35,000 stumbling through the murk. You could hear

their hungry animals in the night, the digging of shallow pits
to hold their dead.

Anni’s family flees their home and her older brother Hans leaves them to fight with the Germans.

Hans stood shifting, crossed one leg behind the other while Mother

warbled. Please God.

Hans would not let her kiss him good-bye.

Anni, her mother and her sister then begin a trek to freedom which takes them through occupied Yugoslavia to Germany and finally to Canada.

Three women flying with what we could carry

Once the women arrive in Canada the family story is told partially through letters which are exchanged between Anni’s brother Hans who remains behind and his mother and sister. The letters in Flyway were inspired by actual family letters collected and translated by one of Sarah’s uncles.

At her book launch last night Sarah said her grandmother’s story has become a type of family myth and in her poetry she wanted to explore how that myth had shaped her. Although her grandmother’s story is clearly marked by tragedy Sarah said her legacy from her Oma Anni would best be characterized as one of joy and love.

The family story in Flyway is interspersed with scenes set in Manitoba’s tall grass prairie where the migration of the poet’s family is compared to the migration of the grassland birds

savannah sparrow; clay coloured sparrow; red-winged blackbird; brown-headed cowbird; western meadowlark; mourning dove

Opening image from the Flyway book launch hosted by McNally Robinson Booksellers which I watched online and can still be viewed there

There are many other threads to follow in Flyway and hard questions evoked by Sarah’s meaningful and striking words. I have read the book three times now and each time have been prompted to consider some new questions.

Is religious faith more about what you shouldn’t do or what you should do? How do we respond to the reality that Indigenous people were displaced so Mennonite immigrants would have land on which to settle? What should we do about the fact that one third of migratory grassland birds are on the verge of extinction?

I am the librarian at the church Sarah attends and bought a copy of her book to place on its shelves. But now that I have read Flyway I will be buying a copy of my own as well as several for friends and family who I know will appreciate as I did, its captivating story, exquisite poetry and thought-provoking questions.

Other posts………

The Tree of Life- Poems by Sarah Klassen

Cattail Skyline- Personal Connections

Intimacy and Poetry

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Intimacy and Poetry

Did you know April is National Poetry Month in Canada? To celebrate each year The League of Canadian Poets picks a theme and encourages members to write poetry or select poetry to read with that theme in mind. This year the theme is Intimacy and it is described simply as……. a closeness we feel. Artist Megan Fildes has created a marvellous poster that illustrates all kinds of intimacy.

I thought it would be interesting to look for photos in my albums that illustrate the same kinds of intimacy the poster does.

You can foster intimacy with music. At Christmas time my Mom plays carols on the piano and my grandmother sings.
You can feel intimate about something you write. Our son writes a personal wish on a rock when we visited Walden Pond.

You can have intimate friendships. I get together regularly with this group of long- time friends.

Grandparents and grandchildren share a unique and intimate kind of relationship like my Mom had with her grandsons.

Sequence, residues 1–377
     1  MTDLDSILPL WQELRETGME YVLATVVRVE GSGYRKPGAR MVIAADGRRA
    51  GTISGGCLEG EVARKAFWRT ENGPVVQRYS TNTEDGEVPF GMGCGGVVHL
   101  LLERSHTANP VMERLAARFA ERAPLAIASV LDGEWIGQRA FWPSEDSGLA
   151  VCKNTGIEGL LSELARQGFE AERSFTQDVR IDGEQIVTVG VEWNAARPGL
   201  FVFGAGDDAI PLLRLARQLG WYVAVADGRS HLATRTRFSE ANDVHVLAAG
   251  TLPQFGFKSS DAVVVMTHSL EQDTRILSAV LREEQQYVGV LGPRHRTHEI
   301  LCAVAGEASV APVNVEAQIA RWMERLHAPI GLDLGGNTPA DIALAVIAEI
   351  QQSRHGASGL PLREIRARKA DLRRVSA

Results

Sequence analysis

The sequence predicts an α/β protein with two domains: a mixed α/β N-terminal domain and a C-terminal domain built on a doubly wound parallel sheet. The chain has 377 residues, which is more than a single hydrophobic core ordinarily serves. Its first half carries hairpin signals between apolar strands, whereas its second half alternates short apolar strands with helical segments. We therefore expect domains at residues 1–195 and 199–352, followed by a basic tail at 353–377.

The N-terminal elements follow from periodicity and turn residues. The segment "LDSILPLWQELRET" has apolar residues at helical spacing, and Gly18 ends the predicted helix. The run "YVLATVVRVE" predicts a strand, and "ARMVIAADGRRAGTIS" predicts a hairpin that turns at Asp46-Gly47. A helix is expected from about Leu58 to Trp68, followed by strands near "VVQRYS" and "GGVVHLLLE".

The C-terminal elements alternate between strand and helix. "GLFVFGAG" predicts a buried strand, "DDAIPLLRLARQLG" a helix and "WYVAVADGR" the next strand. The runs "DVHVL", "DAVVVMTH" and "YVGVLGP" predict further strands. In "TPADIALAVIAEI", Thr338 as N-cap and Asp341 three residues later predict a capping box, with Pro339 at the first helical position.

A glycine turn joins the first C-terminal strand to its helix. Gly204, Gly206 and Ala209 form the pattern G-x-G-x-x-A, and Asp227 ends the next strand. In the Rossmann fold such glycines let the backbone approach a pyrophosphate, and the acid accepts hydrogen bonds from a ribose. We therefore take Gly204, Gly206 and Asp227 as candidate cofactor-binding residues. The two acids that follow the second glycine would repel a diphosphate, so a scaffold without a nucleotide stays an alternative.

You can have an intimate relationship with a spouse or partner. Here Dave tries to get intimate with me on a boat in Barcelona.

Start dancing with others and you have to establish a kind of intimacy quickly as you try to match your steps and movements. Here I am dancing with some women near Shangri- La City in Yunnan province in China.

I’ve had an intimate relationship with books for a long time. Her I am in 1963 reading on the couch.

I have been forced to reinvent my relationship with my Dad since dementia has changed him. In some ways this has meant our relationship has become more intimate than ever before because he was always an extremely independent person and now he needs my support and help.

During my career a teacher I established some intimate relationships with my work colleagues and some of those relationships have lasted to this day. Here I am with the wonderful staff members I taught with at Elmdale School in Steinbach.
At a nature preserve in Croatia I had a little more intimate relationship with an owl than I might have thought I ever would

Since intimacy is the word for National Poetry month here is a list poem inspired by the photos I found.






Long lasting







Other posts………

Teenagers and Poetry

The Power of a Poem

Life is Messy


Filed under Poetry


I like the freedom of it, constructing my days as I like, an extra cup of coffee in the morning, an extra glass of wine in the evening

Exploring new ideas and places, the delight of a grandchild’s love, stretching my comfort zone, reading books in stacks, time to create and think and write and volunteer

No longer at an employer’s beck and call, I can defy convention, have opinions of my own, spend time with those I like, do things my way 

More cavalier about my appearance, less attached to stuff, less cleaning, long walks

The twinge in my knees, knowing my mother only as a memory, thinking more about my childhood, a friend’s dementia diagnosis

Lost keys, a missed appointment, the forgotten name of a former student

Repeating stories, mourning lost ideals, screens bombarding me with Twitter and Facebook and What’s App and Instagram

Like the screen on the heart monitor erratic and then slowing to a flatline. 

Other posts………..

Supporting Each Other

The Tree of Life- Poems by Sarah Klassen

The Power of a Poem

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Filed under Poetry, Retirement

Inspired by Mary and John

I haven’t had my usual drive lately and there are projects littered across my desk and on my computer that I just don’t seem to have the energy to tackle. I’ve been neglecting regular exercise and wasting time on shallow pursuits that don’t benefit me or others. This morning I looked to the poet Mary Oliver for inspiration and found it in the third stanza of her poem Fourth Sign of the Zodiac.

I know, you never intended to be in this world.
But you’re in it all the same.